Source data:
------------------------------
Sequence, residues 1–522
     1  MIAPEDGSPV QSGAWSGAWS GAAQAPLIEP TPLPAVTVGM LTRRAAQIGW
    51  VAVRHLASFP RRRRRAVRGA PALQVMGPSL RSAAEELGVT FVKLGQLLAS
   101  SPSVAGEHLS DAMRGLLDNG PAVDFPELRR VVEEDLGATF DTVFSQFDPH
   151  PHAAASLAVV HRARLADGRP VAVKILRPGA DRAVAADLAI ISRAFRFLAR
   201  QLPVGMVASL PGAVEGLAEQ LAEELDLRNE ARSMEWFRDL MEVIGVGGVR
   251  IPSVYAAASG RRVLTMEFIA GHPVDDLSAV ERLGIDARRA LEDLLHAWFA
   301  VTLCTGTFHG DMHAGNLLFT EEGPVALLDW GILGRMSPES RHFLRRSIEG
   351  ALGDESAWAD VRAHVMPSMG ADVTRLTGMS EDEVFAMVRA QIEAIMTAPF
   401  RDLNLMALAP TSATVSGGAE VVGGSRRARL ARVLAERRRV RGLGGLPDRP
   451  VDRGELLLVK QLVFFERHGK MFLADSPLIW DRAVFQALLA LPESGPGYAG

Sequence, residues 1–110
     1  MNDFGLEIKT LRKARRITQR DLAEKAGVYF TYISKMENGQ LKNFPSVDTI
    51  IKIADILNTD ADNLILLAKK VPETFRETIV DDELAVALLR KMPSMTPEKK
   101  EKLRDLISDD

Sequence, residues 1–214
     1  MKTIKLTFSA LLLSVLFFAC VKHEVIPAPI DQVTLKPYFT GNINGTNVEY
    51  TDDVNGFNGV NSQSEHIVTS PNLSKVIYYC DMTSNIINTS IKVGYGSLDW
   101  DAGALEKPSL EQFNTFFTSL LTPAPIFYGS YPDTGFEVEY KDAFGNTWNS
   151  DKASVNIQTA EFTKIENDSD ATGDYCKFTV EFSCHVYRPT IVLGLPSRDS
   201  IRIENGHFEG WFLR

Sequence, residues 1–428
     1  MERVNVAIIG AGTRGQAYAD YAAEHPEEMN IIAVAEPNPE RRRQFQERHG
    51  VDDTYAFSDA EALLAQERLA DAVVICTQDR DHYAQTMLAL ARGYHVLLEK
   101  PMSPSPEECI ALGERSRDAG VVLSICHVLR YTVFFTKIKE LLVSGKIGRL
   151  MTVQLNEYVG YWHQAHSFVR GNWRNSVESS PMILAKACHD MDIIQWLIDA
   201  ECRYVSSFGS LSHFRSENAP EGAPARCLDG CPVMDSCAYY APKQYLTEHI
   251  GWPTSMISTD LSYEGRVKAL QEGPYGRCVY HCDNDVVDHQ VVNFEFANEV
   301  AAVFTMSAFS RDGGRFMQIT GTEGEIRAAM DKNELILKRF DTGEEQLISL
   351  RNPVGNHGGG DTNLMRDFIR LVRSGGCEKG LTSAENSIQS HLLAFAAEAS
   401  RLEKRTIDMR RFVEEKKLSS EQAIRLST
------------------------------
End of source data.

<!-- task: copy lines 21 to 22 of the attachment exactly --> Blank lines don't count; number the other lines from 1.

   201  IRIENGHFEG WFLR

Sequence, residues 1–428